- ^ Norman Baker (2007-10-22). "Could America have been involved in the death of Doctor Kelly?". The Daily Mail (London). http://www.dailymail.co.uk/pages/live/articles/news/news.html?in_article_id=488954&in_page_id=1770.
- ^ Norman Baker (2007-10-22). "Did Britain give a nod and a wink to the killers of Dr David Kelly?". The Daily Mail (London). http://www.dailymail.co.uk/pages/live/articles/news/news.html?in_article_id=488952&in_page_id=1770.
- ^ Norman Baker (2007-10-22). "Did two hired assassins snatch weapons inspector David Kelly?". The Daily Mail (London). http://www.dailymail.co.uk/pages/live/articles/news/news.html?in_article_id=488947&in_page_id=1770.
- ^ Norman Baker (2007-10-23). "Campbell, that dodgy dossier and the lies that cost David Kelly his life". The Daily Mail (London). http://www.dailymail.co.uk/pages/live/articles/news/news.html?in_article_id=489343&in_page_id=1770.
- ^ Brian Brady and Rachel Shields (21 October 2007). "Kelly family appeals for calm after new murder claims by MP". The Independent (London). http://news.independent.co.uk/uk/politics/article3081832.ece. Retrieved 2007-11-24.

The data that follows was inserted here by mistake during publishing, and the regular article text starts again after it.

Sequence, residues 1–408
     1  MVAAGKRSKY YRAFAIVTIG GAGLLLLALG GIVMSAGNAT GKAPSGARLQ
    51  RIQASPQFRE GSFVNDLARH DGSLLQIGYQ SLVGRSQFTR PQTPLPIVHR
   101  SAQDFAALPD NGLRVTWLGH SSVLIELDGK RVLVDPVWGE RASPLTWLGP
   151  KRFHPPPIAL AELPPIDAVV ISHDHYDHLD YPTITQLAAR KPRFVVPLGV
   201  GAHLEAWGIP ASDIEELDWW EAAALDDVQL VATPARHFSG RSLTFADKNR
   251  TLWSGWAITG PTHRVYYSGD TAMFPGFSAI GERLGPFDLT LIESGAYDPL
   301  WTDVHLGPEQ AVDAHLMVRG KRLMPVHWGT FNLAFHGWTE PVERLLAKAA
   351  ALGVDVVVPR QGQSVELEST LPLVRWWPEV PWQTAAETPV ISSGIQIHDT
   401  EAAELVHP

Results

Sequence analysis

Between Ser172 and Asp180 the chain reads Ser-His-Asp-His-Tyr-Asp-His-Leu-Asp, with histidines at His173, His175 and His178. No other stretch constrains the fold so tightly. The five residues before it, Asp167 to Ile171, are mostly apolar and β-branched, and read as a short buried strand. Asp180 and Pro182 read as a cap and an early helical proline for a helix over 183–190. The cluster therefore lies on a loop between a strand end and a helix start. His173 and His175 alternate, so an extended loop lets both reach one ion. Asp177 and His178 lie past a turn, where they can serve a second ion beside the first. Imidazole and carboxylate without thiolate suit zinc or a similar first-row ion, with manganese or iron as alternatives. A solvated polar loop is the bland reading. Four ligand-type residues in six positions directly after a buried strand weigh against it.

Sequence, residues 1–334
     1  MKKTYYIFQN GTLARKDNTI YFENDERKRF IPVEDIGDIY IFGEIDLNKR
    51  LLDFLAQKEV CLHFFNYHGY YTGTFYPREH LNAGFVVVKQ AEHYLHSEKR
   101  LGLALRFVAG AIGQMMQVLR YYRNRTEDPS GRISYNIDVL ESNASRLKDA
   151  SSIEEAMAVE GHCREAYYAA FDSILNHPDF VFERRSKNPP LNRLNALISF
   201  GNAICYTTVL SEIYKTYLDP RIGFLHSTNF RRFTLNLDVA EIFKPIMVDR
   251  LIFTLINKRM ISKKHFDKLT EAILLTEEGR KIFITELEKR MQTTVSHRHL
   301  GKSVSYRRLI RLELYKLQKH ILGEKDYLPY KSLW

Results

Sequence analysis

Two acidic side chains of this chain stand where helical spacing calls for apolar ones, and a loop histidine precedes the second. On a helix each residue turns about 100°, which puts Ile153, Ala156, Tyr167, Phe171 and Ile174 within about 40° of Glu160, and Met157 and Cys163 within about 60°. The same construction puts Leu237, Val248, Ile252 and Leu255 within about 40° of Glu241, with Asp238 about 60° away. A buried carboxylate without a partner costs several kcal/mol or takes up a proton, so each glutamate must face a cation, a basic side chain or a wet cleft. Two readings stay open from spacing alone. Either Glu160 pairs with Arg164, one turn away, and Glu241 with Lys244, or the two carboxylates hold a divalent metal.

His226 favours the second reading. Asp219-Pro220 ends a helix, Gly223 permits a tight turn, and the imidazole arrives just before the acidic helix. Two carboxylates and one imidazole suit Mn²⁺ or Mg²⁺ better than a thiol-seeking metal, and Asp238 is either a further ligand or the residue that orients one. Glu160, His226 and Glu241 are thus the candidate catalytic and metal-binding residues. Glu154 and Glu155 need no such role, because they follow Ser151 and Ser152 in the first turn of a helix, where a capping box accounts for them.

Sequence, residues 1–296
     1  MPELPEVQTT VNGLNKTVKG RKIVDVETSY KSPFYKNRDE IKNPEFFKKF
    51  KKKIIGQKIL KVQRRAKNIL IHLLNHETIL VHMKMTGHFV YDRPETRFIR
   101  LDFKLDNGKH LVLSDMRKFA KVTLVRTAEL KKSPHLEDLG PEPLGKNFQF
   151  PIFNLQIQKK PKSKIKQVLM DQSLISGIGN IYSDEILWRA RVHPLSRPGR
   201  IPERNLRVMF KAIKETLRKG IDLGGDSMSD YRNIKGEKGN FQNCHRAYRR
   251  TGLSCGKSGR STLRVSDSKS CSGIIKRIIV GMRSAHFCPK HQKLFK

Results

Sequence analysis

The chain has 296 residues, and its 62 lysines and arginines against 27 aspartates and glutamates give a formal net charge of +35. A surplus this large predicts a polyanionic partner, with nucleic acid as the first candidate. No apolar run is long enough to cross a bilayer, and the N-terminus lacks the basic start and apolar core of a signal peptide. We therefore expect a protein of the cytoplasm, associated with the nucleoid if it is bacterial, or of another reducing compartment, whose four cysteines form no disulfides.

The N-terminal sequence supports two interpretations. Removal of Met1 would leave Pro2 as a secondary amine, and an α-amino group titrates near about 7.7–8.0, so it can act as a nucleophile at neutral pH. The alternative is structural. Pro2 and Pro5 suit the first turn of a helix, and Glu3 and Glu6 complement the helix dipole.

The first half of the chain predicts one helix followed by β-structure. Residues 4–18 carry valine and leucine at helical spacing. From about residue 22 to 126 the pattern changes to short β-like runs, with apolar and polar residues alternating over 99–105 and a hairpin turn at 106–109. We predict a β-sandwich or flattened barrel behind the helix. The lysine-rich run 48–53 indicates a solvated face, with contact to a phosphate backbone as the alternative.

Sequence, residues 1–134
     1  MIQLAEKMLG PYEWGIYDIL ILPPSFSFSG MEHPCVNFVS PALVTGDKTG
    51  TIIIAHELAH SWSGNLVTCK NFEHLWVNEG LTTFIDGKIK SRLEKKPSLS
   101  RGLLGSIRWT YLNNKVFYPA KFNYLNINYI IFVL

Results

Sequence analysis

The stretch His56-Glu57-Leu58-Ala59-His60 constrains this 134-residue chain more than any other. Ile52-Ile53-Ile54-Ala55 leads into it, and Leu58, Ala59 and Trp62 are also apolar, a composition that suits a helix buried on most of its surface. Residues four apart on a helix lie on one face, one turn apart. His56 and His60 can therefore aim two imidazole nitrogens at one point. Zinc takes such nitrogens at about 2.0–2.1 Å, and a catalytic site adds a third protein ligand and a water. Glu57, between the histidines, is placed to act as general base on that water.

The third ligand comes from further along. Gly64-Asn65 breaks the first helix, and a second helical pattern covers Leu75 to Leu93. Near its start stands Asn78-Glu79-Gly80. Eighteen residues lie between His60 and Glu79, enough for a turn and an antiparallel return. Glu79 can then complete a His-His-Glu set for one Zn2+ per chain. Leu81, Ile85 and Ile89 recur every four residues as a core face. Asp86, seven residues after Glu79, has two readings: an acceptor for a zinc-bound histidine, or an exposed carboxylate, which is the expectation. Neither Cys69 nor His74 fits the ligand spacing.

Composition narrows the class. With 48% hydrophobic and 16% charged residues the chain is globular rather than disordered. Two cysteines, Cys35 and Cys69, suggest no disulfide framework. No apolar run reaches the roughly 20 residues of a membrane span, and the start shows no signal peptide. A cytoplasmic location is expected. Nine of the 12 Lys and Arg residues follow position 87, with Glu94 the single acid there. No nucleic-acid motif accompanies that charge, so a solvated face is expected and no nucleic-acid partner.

- ^ Katya Mira (16 December 2007). "MP criticised over spending". The Argus. http://www.theargus.co.uk/news/generalnews/display.var.1907968.0.mp_criticised_over_spending.php. Retrieved 2007-11-24.
- ^ "Select Committee on Standards and Privileges Second Report of Session 2007-08: Conduct of Mr Norman Baker, Mr Malcolm Bruce and Mr Sadiq Khan". House of Commons. 13 December 2007. http://www.publications.parliament.uk/pa/cm200708/cmselect/cmstnprv/182/18203.htm#a2. Retrieved 2007-11-24.
- ^ "Tibet Society website". http://www.tibetsociety.com/. Retrieved 2008-03-21.
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- Baker, Norman (8 October 2007). The Strange Death of David Kelly. Methuen. ISBN 1842752170.
- Norman Baker MP official site
- Profile at the Liberal Democrats
- Lewes Liberal Democrats
- Profile at Parliament of the United Kingdom
- Contributions in Parliament at Hansard 1803–2005
- Current session contributions in Parliament at Hansard
- Electoral history and profile at The Guardian
- Voting record at PublicWhip.org
- Record in Parliament at TheyWorkForYou.com
- Profile at Westminster Parliamentary Record
- Profile at BBC News Democracy Live
- Articles authored at Journalisted
Parliament of the United Kingdom Preceded by
Member of Parliament for Lewes